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Friday, January 29, 2021

X-amining X-Man #17

"One Step Forward"
July 1996

In a Nutshell
X-Man battles Holocaust some more

Writer: Terry Kavanagh
Penciler: Steve Skroce
Inker: Bud LaRosa & Rob Hunter
Letterer: Richard Starkings & Comicraft
Colorist: Mike Thomas
Enhancements: Malibu
Editor: Jaye Gardner
Editor-in-Chief: Bob Harras

With Threnody, held hostage by Holocaust, not picking up on his signals, Nate telepathically accesses her power in order to blast Holocaust away and free her. The pair return to helping survivors of Holocaust's attack, though Threndoy is racked with guilt over having fed on one of the survivor's husband's death energy, assuring his death. Meanwhile, Madelyne Pryor, on a mission from Selene, encounters Trevor Fitzroy at a bar in London, and lures him outside. Back in Greece, Holocaust returns and tries to kill Threnody, but Nate intervenes, unleashing his full power and flying the villain high up into the air. In London, Fitzroy approaches Madelyne and kisses her, but is stunned to discover how cold and lifeless she feels. In the skies above Greece, Holocaust once more asks Nate to join him & Onslaught, but Nate refuses before finally managing to crack Holocaust's armor. In London, Fitzroy reveals that he knows who sent Madelyne, and dons his crystalline armor, though Madelyne is able to smash it and send him to his knees, at which point Selene reveals herself. She thanks Madelyne, then leans in to kiss Fitzroy as he screams in terror. In Greece, Holocaust retreats, telling Nate that now that he's been tested, Onslaught will be coming for him himself. Nate returns to Threnody, who insists he needs to find help. With Nate still distrustful of the X-Men, Threnody mentions other heroes located in New York, and he asks her to tell him more about the Avengers...

Firsts and Other Notables
This issue concludes with Nate, convinced he needs help to find and stop Onslaught but still unwilling to meet the X-Men due to their association with Professor X (of whom he remains distrustful), is made aware of the Avengers by Threnody, and he sets out to get their help, setting up his brief appearance at the very end of Avengers #400, which in turn serves to bring the Avengers - and, ironically, Nate - to the X-Mansion in Uncanny X-Men #335. 

Also, what a terrible way for the Avengers to end their big 400th issue, with an appearance by X-Man. This is a rough time for the Avengers, y'all. 

Trevor Fitzroy returns this issue. Last seen seemingly dying after trying to absorb Cable's life energy through his bionic arm only to be forced to draw on his own life force as a result (in X-Force #33), his apparent survival goes uncommented upon here. He'll stick around in the series for a bit, joining Sebastian Shaw's reconstitute Inner Circle.   

Fitzroy's past dealings with Selene (including the fact that he locked her in a skin-shredding tube in Uncanny X-Men #301) are referenced. 

A Work in Progress
Nate talks as though Holocaust is the first person form his reality he’s met, confirming he’s not the only survivor of the Age of Apocalypse, but at this point, he’s already met Dark Beast.

Austin's Analysis
With the A-plot essentially a redux of the previous issue - the brief pause in the Nate/Holocaust finds ends and the two fight some more, before they stop - the more interesting parts of this issue come in the Madelyne Pryor subplots scenes, as she tracks down Fitzroy ahead of a reunion with Selene. The Madelyne subplot at this point is maddeningly decompressed, having passed through the hands of three different writers (in the course of twelve issues), none of which have yet to offer much in the way of explanation for where she came from or what she wants. But bringing Fitzroy into the mix along with Selene makes for a fun reunion of sub-tier X-villains. Certainly, Fitzroy is not on the same level as Madelyne or Selene, but it's still nice to see his past interactions with Selene and her short-lived tenure as the leader/sponsor of the Upstarts referenced (let us never forget Shinobi Shaw's various hot tub-fueled machinations). Plus, Steve Skroce does a heck of a job drawing Fitzroy's cool crystalline armor. Of course, at the end of the day, "the return of Fitzroy" isn't genuinely worth getting that excited about, but any port in the storm of mediocrity that is this series is a welcome one.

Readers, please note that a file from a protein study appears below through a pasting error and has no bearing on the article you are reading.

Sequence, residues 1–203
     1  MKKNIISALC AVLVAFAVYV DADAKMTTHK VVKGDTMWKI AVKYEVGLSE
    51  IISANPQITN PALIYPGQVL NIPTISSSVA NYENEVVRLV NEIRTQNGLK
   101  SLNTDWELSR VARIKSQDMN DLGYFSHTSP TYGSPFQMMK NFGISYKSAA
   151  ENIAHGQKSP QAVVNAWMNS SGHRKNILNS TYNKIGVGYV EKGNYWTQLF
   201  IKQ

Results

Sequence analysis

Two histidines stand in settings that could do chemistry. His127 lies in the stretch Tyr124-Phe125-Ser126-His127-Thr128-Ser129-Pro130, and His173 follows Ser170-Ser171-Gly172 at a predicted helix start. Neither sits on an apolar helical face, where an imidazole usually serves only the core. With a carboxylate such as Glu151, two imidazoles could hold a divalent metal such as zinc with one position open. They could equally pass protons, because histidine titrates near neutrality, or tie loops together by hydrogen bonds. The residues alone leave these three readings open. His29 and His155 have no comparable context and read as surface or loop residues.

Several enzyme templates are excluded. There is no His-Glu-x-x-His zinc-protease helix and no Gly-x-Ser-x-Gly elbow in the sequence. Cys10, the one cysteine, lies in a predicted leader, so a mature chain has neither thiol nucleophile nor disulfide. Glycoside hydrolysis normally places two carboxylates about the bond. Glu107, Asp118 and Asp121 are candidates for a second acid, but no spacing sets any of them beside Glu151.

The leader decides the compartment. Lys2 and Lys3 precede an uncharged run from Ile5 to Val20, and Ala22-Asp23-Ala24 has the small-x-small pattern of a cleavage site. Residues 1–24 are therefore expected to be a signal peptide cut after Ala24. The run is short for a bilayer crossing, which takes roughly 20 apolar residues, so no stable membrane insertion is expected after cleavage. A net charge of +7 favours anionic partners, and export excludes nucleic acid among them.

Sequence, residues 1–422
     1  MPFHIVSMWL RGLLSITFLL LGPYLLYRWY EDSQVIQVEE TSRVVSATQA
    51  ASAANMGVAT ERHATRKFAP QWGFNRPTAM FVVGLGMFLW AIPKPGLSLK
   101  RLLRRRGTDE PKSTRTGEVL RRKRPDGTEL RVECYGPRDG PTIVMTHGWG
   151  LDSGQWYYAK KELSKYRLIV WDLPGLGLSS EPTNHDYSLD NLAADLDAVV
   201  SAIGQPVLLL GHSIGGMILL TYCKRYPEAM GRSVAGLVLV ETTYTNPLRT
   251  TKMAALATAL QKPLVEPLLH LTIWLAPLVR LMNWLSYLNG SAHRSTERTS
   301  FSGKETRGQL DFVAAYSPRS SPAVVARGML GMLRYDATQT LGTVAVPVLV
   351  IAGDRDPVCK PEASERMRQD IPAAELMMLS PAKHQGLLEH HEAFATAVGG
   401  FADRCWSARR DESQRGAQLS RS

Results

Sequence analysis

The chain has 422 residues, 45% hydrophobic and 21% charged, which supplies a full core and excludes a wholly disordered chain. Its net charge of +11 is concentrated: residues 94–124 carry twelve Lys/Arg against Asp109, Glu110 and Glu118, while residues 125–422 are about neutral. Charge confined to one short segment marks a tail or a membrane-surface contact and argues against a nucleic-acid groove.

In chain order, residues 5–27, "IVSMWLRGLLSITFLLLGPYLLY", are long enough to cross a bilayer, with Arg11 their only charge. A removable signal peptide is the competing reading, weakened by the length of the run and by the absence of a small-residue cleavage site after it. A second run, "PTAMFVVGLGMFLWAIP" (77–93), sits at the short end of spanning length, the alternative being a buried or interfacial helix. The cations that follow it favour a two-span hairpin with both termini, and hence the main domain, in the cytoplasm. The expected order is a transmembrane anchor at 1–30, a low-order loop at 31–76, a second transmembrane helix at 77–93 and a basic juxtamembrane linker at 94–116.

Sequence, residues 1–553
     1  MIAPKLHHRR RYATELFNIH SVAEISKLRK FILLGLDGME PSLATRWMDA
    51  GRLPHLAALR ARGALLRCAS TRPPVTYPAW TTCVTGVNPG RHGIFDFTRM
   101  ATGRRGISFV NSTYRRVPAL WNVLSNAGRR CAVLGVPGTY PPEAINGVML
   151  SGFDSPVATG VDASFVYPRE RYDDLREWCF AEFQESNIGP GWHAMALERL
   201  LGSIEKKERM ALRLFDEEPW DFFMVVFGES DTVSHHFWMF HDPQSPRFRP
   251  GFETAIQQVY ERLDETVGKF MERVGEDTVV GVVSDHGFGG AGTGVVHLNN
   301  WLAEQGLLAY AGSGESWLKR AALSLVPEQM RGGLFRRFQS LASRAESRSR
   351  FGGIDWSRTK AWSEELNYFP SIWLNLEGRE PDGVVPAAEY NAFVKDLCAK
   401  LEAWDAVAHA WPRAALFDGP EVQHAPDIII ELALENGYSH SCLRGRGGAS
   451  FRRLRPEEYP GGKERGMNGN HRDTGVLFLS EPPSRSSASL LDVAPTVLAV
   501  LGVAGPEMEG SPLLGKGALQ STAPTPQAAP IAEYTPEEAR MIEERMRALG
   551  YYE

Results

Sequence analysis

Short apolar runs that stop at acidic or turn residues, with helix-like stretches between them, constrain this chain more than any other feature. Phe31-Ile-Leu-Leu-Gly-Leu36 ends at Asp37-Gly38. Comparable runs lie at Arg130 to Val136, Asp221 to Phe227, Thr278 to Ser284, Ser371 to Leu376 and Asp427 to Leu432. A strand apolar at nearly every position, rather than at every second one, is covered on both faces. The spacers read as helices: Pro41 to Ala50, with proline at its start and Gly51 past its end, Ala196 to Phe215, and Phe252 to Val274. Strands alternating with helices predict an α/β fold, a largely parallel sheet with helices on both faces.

Next Issue
Next week: Onslaught stands revealed in X-Men (vol. 2) #54, Deadpool returns in X-Force #56, and Wolverine makes a friend in Wolverine #103! 

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  1. I love that Fitzroy just hangs out in random bars in London.

  2. "The Madelyne subplot at this point is maddeningly decompressed, having passed through the hands of three different writers (in the course of twelve issues)"

    This sentence makes me think of random third-tier 1970s Marvel books, where you'd have a title started by, say, Gerry Conway, then he'd leave and Steve Englehart might do an issue or two, then Marv Wolfman or somebody would come in and write a few more issues before cancellation -- and each writer would send the sub-plots ping-ponging in various random directions.

    I feel like this happened a lot back then, but maybe my brain has made such occurrence out to be more common than they actually were.

  3. At this point I found Nate's wariness of Xavier more tiresome than anything else. I liked that there was an X-Men character who didn't worship at the Altar of Xavier but I feel like there were less tedious ways of pursuing that.

  4. Reading this only now first time ever, I though the Claremontian character Selene absorbed all Trevor Fitzroy's life force and killed him for good forever. I approved wholeheartedly.


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